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What happened in April?

Monday, 27th April 2015

As April draws to a close, we’re presented with a brief opportunity to take a breath and reflect on what an exciting month it is in the wildlife calendar...
Resident Blackbirds and Robins have most likely had their first brood, and summer visitors such as Swallows and House Martins are now streamlined silhouettes in our bright blue spring sky. Once again familiarising themselves with their nesting spots; repairing the damage that’s been sustained during the winter months. It won’t take them long to repair any damage - I’ve seen a number of birds work together to extend a single nesting “bowl” into a double (resembling an upturned bra!). Once repairs to the nest are underway, summer visitors, too, will turn their attention to breeding.
 
Young Robin

Birdsong returned in April. It’s of course been with us throughout autumn and winter; however, it seemed a little crisper, perhaps brighter and definitely more purposeful this month. The variety of song was definitely greater and that will continue to build into May, when birdsong is more intense. If you need a date in your diary to remind you how beautiful bird song is – here it is: International Dawn Chorus Day is 3rd May, 2015. See http://www.idcd.info/ to find an event near you. However, I know that from the number of comments I receive from the community that birdsong is appreciated every single day of the year. A single Blackbird can manage a rhapsody if it’s in the right mood to do so, can’t it?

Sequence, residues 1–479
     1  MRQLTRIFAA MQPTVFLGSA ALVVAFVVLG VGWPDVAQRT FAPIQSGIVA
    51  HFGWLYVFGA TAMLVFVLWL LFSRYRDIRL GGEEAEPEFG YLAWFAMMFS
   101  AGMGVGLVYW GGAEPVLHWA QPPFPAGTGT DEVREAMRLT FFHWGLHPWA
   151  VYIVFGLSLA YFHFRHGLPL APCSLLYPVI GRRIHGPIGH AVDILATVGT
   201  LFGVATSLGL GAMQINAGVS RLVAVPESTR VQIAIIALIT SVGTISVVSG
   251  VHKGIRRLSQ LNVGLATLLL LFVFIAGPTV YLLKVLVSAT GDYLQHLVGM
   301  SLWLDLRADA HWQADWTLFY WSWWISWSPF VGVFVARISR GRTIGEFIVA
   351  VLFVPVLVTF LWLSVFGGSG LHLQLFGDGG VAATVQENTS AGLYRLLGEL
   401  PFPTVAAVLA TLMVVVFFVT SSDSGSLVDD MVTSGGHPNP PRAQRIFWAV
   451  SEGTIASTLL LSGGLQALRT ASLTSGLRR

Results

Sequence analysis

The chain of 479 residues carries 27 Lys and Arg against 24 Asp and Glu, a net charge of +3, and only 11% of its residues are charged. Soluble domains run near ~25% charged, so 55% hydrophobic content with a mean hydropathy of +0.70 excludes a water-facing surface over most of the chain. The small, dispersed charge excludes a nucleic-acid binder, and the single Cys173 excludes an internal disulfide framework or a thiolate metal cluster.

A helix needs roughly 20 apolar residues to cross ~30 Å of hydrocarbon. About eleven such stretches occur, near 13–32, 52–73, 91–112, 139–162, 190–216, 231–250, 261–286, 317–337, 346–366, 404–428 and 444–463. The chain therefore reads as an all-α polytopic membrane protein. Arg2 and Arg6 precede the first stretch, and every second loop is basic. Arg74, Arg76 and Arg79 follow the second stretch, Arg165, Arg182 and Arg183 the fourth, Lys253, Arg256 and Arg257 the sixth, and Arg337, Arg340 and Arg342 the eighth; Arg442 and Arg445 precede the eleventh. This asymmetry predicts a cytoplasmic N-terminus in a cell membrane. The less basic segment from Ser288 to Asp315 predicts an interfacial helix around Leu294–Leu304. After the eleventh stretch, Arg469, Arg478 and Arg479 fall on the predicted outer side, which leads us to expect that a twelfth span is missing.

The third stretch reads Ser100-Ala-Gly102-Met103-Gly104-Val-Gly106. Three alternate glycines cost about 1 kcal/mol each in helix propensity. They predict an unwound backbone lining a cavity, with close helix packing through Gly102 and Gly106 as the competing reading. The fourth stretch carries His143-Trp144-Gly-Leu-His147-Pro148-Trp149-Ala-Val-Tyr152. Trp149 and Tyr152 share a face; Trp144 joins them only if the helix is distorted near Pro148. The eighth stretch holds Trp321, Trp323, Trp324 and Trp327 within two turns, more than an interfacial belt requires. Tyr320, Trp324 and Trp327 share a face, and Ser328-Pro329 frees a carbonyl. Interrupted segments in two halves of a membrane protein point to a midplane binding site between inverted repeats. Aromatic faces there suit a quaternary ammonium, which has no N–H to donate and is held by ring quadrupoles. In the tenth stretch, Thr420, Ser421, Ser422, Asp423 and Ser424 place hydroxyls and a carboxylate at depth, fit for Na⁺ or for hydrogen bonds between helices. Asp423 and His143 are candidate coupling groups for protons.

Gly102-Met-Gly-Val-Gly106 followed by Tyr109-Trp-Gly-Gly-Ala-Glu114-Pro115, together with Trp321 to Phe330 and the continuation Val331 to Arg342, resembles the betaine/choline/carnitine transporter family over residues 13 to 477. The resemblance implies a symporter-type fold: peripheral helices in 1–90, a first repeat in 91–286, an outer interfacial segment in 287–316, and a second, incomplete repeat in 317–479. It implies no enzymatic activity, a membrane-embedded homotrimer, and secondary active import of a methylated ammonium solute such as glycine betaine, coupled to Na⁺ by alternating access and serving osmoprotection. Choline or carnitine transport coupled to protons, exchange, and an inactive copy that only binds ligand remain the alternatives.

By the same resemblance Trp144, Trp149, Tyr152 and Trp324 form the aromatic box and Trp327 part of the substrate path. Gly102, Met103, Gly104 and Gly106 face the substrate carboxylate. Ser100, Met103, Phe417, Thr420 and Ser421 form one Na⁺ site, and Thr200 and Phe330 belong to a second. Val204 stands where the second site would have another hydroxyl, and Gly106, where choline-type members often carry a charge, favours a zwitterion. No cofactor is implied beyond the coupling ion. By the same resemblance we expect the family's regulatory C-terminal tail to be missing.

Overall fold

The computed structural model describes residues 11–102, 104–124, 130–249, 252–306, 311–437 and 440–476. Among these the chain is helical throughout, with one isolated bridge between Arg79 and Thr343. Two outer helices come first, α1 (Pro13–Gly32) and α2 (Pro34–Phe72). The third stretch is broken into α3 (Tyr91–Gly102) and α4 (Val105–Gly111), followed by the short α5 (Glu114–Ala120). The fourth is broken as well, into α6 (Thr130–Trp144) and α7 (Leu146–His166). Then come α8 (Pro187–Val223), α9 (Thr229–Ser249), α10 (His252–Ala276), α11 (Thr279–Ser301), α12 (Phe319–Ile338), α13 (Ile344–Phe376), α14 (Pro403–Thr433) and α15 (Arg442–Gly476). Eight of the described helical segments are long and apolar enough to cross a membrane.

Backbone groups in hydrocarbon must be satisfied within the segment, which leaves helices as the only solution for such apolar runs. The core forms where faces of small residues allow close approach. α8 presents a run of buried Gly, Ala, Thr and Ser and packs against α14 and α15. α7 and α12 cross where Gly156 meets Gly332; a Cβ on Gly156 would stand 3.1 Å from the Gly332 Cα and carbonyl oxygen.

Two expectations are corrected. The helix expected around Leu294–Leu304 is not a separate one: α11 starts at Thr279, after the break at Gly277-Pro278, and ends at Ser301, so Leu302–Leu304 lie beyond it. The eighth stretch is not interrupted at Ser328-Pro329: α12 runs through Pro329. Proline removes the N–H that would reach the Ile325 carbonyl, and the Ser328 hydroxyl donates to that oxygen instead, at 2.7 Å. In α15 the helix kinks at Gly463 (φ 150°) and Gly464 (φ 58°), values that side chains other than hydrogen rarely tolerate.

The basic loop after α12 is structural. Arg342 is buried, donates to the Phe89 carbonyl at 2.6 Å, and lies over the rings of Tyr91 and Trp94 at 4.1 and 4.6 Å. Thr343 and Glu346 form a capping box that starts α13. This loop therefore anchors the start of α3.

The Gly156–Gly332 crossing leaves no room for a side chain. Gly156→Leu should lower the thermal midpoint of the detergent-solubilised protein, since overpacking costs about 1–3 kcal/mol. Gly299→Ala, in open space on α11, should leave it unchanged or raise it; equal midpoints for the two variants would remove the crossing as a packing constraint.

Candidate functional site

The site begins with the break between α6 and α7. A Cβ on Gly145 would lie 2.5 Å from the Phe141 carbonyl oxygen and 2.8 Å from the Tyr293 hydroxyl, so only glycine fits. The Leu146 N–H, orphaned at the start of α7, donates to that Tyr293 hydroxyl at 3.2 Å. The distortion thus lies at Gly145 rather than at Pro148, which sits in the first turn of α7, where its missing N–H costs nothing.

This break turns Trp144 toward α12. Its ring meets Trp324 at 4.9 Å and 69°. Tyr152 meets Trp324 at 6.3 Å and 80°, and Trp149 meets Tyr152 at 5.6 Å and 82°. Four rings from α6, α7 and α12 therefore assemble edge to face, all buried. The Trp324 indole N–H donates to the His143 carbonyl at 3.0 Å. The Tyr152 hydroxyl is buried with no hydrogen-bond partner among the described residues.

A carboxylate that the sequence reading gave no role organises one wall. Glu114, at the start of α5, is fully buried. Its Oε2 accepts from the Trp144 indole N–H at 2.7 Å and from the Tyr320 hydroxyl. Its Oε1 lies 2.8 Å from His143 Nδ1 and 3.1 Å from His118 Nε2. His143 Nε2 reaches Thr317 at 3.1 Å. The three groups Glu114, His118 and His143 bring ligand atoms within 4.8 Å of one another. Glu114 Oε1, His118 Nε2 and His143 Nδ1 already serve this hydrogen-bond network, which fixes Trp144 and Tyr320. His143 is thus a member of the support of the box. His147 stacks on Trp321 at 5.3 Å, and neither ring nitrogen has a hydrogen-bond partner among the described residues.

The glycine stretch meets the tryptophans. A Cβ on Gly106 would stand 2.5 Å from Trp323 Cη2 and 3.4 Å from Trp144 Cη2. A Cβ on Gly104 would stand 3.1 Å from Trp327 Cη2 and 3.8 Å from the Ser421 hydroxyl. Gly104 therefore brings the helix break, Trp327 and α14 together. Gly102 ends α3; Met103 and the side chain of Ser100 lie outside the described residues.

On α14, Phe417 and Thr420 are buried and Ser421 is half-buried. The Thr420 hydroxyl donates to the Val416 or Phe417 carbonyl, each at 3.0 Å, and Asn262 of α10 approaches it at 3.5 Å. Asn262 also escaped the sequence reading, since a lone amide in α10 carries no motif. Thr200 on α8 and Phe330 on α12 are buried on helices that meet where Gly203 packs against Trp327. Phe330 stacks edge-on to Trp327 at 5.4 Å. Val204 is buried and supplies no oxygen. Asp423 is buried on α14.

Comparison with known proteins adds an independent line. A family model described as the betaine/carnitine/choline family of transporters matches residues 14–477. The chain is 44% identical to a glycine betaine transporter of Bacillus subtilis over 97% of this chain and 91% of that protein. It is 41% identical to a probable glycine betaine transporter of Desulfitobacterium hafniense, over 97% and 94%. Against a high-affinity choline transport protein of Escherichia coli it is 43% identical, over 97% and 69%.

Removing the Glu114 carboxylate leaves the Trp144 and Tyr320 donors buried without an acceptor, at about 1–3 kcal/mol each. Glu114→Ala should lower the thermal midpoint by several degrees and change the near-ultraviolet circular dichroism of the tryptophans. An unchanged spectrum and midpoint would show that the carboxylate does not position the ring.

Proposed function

Badger cubs have had their first glance of spring in April having left the relative safety of the underground sett. I wish them well. 

Hedgehogs have ventured into our gardens – fewer and fewer of them are sadly seen each year and they deserve a little extra TLC if you’re lucky enough to see one. Hedgehogs love Hedgehog food and it’s worth noting that milk should never be put down for them. A bowl of fresh water is sufficient plus – if you’re feeling flush – a mealworm or two! (Dried mealworms are fine.)

I couldn’t wrap up April without mentioning flowers: some gardens have been planted to make the most of deciduous trees; exposing reds and browns of natural structural architecture protruding from the ground like nature’s very own exclamation marks; however, many are not. Mine included! So the new greens, yellows, blues and pinks are, shall we say, welcome. My favourite three: cowslips, primroses & blue bells. If I had time to stare, I could easily stare at these all day.

Here’s to a wild May.

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